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Fred Wiseman's New Documentary of The Paris Opera Ballet

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Many thanks for the heads up.

The website isn't the most intuitive one ever, but the Yahoo checkout process is even worse and a graphical mess. Here are some tips to order:

1. From this page, click the film title. It's alphabetized under "La" in left-to-right order (not in column order).


2. In the box on the right hand side, click the price link for whatever category you're in (Educational, High School and Volunteer, Individual) to add to the Yahoo shopping cart. You can change quantity here.

3. If you use PayPal,

  • You'll be navigated to the PayPal site, where shipping and handling will be added. It's $6.95 for one DVD to the US. I'm not sure about higher quantities.
  • After you purchase on PayPal, you'll be navigated back to the site. Be sure to fill in the telephone number and accept the "Terms & Conditions" before you continue. The T&C's give them 30 days to ship the DVD, although for pre-orders, that is probably 30 days after 12 July to comply with FTC guidelines.

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I bought the British edition of the DVD. It's a region 2 PAL disc, so if you don't live in Europe, you need an all-region player. But it sells on British Amazon for £12, so I couldn't resist the price. (I have to admit to ordering several other items to make the shipping costs worth my while.) There are no extras on the DVD other than the trailer, and the subtitles are embedded.

Each time I watch the film, I keep thinking of the discussion about casting between Emanuel Gat and Brigitte Lefèvre in which she seems to imply that he shouldn't expect to get any étoiles for his piece. This is very interesting considering that Wayne McGregor got Marie-Agnès Gillot, Benjamin Pech, Agnès Letestu, Mathieu Ganio, Mathias Heymann, Jérémie Bélingard and Dorothée Gilbert for Genus. She also made a comment about the pointlessness of driving race cars at 6 m.p.h. Fast forward to Aurélie Dupont and Hervé Moreau in Sasha Waltz's piece.

I also found McGregor's practice of anglicizing his dancers' names quite amusing, particularly in the sequence where he rehearses Ganio and Heymann, both of whom he calls "Matt," which you'd think would make his instructions somewhat difficult to follow.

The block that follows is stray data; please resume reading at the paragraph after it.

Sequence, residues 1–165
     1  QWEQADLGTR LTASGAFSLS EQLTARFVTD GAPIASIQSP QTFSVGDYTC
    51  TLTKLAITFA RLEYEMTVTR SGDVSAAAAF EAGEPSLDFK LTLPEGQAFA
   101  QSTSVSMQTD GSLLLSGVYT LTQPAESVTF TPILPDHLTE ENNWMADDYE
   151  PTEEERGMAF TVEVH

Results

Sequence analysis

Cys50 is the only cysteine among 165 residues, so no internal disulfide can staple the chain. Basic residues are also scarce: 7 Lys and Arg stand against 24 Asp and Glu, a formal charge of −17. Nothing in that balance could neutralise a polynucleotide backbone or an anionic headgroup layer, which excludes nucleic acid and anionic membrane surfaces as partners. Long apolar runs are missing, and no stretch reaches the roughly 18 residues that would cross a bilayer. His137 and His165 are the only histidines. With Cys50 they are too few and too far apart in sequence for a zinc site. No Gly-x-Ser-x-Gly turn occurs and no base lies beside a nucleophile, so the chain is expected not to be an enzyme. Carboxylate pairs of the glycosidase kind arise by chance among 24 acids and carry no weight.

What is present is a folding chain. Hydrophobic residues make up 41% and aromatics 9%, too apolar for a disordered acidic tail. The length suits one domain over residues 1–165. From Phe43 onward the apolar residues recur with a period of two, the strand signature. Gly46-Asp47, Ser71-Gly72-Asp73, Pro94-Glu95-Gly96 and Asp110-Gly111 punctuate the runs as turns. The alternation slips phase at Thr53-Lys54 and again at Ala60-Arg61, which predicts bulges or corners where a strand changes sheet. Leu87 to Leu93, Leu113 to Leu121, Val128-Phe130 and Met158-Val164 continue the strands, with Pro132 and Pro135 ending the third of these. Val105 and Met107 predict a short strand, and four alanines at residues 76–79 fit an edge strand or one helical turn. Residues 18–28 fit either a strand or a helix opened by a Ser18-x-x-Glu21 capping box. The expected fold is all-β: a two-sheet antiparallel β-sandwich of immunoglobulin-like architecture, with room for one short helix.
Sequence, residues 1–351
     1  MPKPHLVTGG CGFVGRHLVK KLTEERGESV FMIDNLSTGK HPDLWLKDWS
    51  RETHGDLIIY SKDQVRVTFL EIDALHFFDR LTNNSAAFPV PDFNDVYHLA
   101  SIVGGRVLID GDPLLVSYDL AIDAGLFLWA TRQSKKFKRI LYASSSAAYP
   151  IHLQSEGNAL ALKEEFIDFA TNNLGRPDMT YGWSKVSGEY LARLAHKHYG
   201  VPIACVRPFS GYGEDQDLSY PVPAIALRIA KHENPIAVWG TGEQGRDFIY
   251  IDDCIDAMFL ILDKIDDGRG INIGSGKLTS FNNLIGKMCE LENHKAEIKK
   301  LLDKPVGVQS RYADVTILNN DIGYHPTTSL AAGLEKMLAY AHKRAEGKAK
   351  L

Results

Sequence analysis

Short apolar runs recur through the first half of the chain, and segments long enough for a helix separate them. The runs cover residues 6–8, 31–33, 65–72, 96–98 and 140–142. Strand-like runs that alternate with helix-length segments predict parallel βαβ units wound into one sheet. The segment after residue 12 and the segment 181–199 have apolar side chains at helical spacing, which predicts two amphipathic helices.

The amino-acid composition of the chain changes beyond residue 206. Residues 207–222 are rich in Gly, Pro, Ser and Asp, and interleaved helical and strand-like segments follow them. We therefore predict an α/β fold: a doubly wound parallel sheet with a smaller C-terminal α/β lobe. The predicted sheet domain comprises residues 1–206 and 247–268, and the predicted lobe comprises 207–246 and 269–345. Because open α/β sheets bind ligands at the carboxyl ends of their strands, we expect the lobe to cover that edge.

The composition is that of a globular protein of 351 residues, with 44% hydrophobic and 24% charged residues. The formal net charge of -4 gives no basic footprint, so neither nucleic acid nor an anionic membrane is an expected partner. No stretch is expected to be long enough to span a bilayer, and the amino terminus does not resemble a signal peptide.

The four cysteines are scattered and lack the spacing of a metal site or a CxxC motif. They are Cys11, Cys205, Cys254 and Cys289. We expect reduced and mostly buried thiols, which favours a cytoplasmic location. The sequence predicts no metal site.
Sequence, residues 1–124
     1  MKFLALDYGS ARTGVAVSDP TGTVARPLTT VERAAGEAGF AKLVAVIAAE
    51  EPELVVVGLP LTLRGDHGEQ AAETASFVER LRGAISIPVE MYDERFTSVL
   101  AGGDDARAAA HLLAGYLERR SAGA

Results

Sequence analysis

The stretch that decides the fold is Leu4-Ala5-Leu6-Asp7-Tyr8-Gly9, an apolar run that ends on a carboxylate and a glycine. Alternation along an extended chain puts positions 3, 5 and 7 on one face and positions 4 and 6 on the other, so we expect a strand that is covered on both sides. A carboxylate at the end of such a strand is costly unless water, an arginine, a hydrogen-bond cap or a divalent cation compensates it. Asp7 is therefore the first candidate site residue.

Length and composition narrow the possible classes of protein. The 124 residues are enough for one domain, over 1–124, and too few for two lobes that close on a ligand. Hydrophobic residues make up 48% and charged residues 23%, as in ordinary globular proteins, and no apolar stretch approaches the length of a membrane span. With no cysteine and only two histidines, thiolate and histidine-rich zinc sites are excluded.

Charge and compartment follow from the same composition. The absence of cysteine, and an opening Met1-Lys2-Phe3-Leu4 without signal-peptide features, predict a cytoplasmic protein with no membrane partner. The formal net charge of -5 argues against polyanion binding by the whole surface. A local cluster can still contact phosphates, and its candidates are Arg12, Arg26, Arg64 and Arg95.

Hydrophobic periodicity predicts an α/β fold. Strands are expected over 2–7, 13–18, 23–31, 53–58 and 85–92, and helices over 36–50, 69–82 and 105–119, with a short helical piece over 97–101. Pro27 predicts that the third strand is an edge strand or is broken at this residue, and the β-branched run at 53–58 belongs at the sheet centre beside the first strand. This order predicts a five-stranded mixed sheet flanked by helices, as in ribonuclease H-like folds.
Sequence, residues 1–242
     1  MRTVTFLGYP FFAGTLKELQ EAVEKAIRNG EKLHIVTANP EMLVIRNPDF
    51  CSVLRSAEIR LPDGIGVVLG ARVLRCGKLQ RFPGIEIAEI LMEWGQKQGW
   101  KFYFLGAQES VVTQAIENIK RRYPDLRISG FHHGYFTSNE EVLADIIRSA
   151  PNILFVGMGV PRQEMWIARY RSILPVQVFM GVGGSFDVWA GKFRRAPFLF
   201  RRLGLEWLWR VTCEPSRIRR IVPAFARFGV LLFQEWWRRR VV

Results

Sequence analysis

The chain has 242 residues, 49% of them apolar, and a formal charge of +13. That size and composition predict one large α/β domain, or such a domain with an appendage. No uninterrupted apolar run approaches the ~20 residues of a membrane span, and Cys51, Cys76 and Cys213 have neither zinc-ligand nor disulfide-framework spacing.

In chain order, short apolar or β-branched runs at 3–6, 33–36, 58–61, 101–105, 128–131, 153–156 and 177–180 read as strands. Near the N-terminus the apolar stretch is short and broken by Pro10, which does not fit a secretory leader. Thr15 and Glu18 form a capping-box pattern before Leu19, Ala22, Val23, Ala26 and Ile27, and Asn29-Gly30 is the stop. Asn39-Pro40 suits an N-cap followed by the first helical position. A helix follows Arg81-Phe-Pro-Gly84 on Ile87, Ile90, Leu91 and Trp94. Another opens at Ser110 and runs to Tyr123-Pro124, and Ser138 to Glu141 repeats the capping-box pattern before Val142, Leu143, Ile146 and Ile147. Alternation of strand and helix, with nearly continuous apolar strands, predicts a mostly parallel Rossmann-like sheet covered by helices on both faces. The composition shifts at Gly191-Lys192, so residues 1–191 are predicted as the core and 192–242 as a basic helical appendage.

It was interesting to watch Pierre Lacotte drag Letestu over the coals, not that his criticisms weren't justified, particularly his observation about her spoon-like hands. But it was curious that his request that she gradually lower her raised leg in a supported turn was not heeded by Dorothée Gilbert once Paquita got to the stage. Did she not get any coaching from him?

It was also interesting to watch Laurent Hilaire coaching Sarah Kora Dayanova and asking for "more generous" couronnes, because what I really wanted was for someone to ask the same of Aurélie Dupont. (Honestly, her ports de bras are my greatest object to her dancing.)

I love the film up until about 20 minutes from the end. Once Wiseman shows an extended excerpt from Mats Ek's La casa de Bernarda Alba, he loses me, because I find myself thinking: all that talent, all that work, all those resources for this? After that I find myself deflated as a viewer, and things that would have fascinated me earlier, like the janitor cleaning up the opera house after a performance, no longer speak to me, and the sequence of Yann Bridard rehearsing the Pina Bausch piece just seems like too much of the same, choreographically speaking.

It's unfortunate that Wiseman chose to document that particular season. Back then we commented on the repertoire, too.


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I interpreted Lefevre's comments to Gat to mean, if you request an etoile, and I deign to give one to you, you better come up with choreography fit for a Ferrari. He was so cowed by her, I think he would have cast the cafeteria staff if she had insisted.

Many thanks for your comments! I keep watching "Dancing Bournonville" over and over, and falling in love with Hans Brenaa more each time, and ignoring "La Danse" on my shelf, and I need to see it again.

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I interpreted Lefevre's comments to Gat to mean, if you request an etoile, and I deign to give one to you, you better come up with choreography fit for a Ferrari. He was so cowed by her, I think he would have cast the cafeteria staff if she had insisted.

I think he looked a litle bit puzzled how to work in a big company like POB. I found Brigitte Lefevre quite open, just trying to give him a hint on how to manage the dancers, a each level of the hierachy... By the way, when she proposed to name few dancers, he didn't jump on that so he's probably not so flexible...

One thing puzzling me is, I don't really know when the filming was made but, she hesitates quite a few times to say "danseurs" and finally always uses "danseuses" and only once she introduced "and danseurs" .

But Hark! was presented as to conterbalance the fact that the other ballet on the same bill was Angelin Preljocaj MC14/22 which is a piece for 12 male dancers... And in fact, it ended Hark! was for 13 female dancers... So I wonder how the story was made, I mean at which stage...

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